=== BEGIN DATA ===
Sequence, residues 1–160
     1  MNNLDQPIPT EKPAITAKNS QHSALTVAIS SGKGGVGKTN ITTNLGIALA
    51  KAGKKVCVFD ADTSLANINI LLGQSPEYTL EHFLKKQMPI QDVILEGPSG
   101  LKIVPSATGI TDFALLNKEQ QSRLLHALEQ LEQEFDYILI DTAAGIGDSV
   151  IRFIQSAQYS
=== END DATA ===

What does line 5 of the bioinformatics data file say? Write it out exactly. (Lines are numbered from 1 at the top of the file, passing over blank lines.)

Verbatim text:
   151  IRFIQSAQYS